Eclipse_HCtext3p.qxp 5/4/07 3:03 PM Page 266 1 floor where Edward had dropped it in the night, holding 2 his place the way the damaged binding always held mine. 3 4 I picked it up curiously, trying to remember what he’d 5 said. Something about feeling sympathy for Heathcliff, of 6 all people. That couldn’t be right; I must have dreamed 7 that part. 8 9 Three words on the open page caught my eye, and I 10 bent my head to read the paragraph more closely. It was 11 Heathcliff speaking, and I knew the passage well. 12 13 And there you see the distinction between our feelings: 14 had he been in my place and I in his, though I hated 15 him with a hatred that turned my life to gall, I never 16 would have raised a hand against him. You may look 17 incredulous, if you please! I never would have banished 18 him from her society as long as she desired his. The 19 moment her regard ceased, I would have torn his heart 20 out, and drank his blood! But, till then — if you 21 don’t believe me, you don’t know me — till then, I 22 would have died by inches before I touched a single hair 23 of his head! 24 25 The three words that had caught my eye were “drank 26 his blood.” 27 28 I shuddered. sh 29 Yes, surely I must have dreamt that Edward said any- reg 30 thing positive about Heathcliff. And this page was proba- bly not the page he’d been reading. The book could have fallen open to any page. 266 3rd Pass Pages

Eclipse_HCtext3p.qxp 5/4/07 3:03 PM Page 267 12. TIME 1 2 “I have foreseen . . . ,” Alice began in an ominous 3 tone. 4 5 Edward threw an elbow toward her ribs, which she 6 neatly dodged. 7 8 “Fine,” she grumbled. “Edward is making me do this. 9 But I did foresee that you would be more difficult if I sur- 10 prised you.” 11 12 We were walking to the car after school, and I was 13 completely clueless as to what she was talking about. 14 15 “In English?” I requested. 16 “Don’t be a baby about this. No tantrums.” 17 “Now I’m scared.” 18 “So you’re — I mean we’re — having a graduation 19 20 267 21 22 23 24 25 26 27 28 29 sh 30 reg 3rd Pass Pages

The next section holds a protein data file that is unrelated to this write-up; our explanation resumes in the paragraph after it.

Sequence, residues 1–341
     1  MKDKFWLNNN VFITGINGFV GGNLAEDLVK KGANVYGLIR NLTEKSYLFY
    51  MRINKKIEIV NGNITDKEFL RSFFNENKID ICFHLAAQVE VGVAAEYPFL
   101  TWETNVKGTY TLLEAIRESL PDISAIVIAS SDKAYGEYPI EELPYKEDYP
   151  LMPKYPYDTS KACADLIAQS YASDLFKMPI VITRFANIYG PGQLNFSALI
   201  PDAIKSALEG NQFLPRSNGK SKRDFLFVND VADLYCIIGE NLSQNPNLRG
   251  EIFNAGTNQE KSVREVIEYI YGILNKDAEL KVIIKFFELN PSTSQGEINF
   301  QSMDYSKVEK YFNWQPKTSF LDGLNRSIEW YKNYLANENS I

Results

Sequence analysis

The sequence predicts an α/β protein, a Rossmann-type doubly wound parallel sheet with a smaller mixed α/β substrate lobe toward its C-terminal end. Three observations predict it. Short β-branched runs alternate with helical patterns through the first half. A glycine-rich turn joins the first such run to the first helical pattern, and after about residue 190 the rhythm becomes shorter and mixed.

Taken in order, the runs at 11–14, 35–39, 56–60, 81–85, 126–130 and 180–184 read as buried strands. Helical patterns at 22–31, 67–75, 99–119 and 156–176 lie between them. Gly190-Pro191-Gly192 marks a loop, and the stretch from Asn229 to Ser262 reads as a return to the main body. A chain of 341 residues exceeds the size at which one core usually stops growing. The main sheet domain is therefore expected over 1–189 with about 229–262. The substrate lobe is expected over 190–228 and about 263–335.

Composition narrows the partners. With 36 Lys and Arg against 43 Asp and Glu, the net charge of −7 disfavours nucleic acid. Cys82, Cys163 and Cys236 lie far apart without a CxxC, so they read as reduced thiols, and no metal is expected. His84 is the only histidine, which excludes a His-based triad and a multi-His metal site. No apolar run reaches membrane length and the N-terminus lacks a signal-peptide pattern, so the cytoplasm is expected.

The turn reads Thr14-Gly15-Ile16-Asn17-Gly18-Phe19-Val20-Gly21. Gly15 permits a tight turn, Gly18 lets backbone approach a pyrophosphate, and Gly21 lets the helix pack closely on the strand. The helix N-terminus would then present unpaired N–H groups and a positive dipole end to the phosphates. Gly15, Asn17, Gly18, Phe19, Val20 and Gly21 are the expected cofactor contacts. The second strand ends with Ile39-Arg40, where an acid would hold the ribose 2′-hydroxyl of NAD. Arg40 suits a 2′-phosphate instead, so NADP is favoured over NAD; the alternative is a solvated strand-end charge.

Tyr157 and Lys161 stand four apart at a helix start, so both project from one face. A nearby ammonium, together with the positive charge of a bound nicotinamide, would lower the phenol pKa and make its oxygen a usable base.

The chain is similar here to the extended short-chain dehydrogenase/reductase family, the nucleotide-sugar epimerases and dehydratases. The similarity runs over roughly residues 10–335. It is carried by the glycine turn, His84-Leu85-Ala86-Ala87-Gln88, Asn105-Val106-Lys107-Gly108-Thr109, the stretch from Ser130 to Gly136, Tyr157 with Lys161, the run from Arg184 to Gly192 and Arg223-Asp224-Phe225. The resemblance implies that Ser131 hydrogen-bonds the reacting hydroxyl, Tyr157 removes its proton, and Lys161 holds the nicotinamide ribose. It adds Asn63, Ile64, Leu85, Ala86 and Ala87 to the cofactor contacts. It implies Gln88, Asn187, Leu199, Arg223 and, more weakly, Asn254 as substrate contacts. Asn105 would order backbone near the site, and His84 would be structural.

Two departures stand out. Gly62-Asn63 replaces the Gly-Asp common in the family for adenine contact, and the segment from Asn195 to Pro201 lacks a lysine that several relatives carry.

Eclipse_HCtext3p.qxp 5/4/07 3:03 PM Page 268 1 party. It’s no big thing. Nothing to freak out over. But I 2 saw that you would freak out if I tried to make it a surprise 3 party” — she danced out of the way as Edward reached 4 over to muss her hair — “and Edward said I had to tell 5 you. But it’s nothing. Promise.” 6 7 I sighed heavily. “Is there any point in arguing?” 8 “None at all.” 9 “Okay, Alice. I’ll be there. And I’ll hate every minute 10 of it. Promise.” 11 “That’s the spirit! By the way, I love my gift. You 12 shouldn’t have.” 13 “Alice, I didn’t!” 14 “Oh, I know that. But you will.” 15 I racked my brains in panic, trying to remember what 16 I’d ever decided to get her for graduation that she might 17 have seen. 18 “Amazing,” Edward muttered. “How can someone so 19 tiny be so annoying?” 20 Alice laughed. “It’s a talent.” 21 “Couldn’t you have waited a few weeks to tell me about 22 this?” I asked petulantly. “Now I’ll just be stressed that 23 much longer.” 24 Alice frowned at me. 25 “Bella,” she said slowly. “Do you know what day it is?” 26 “Monday?” 27 She rolled her eyes. “Yes. It is Monday . . . the fourth.” 28 She grabbed my elbow, spun me halfway around, and sh 29 pointed toward a big yellow poster taped to the gym door. reg 30 There, in sharp black letters, was the date of graduation. Exactly one week from today. 268 3rd Pass Pages